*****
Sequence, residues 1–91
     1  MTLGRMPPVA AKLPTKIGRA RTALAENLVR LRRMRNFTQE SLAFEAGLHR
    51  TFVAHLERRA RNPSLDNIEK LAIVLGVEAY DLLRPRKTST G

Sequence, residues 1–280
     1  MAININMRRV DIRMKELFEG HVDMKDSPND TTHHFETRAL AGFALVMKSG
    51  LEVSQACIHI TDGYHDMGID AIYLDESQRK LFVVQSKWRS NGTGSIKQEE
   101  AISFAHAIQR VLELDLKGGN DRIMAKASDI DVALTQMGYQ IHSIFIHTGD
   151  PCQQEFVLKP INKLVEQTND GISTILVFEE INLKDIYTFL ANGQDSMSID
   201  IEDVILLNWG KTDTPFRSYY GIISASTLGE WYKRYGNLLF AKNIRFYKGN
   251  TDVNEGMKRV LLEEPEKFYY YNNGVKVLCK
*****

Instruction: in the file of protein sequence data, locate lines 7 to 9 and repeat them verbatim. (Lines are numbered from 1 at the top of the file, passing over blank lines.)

   101  AISFAHAIQR VLELDLKGGN DRIMAKASDI DVALTQMGYQ IHSIFIHTGD
   151  PCQQEFVLKP INKLVEQTND GISTILVFEE INLKDIYTFL ANGQDSMSID
   201  IEDVILLNWG KTDTPFRSYY GIISASTLGE WYKRYGNLLF AKNIRFYKGN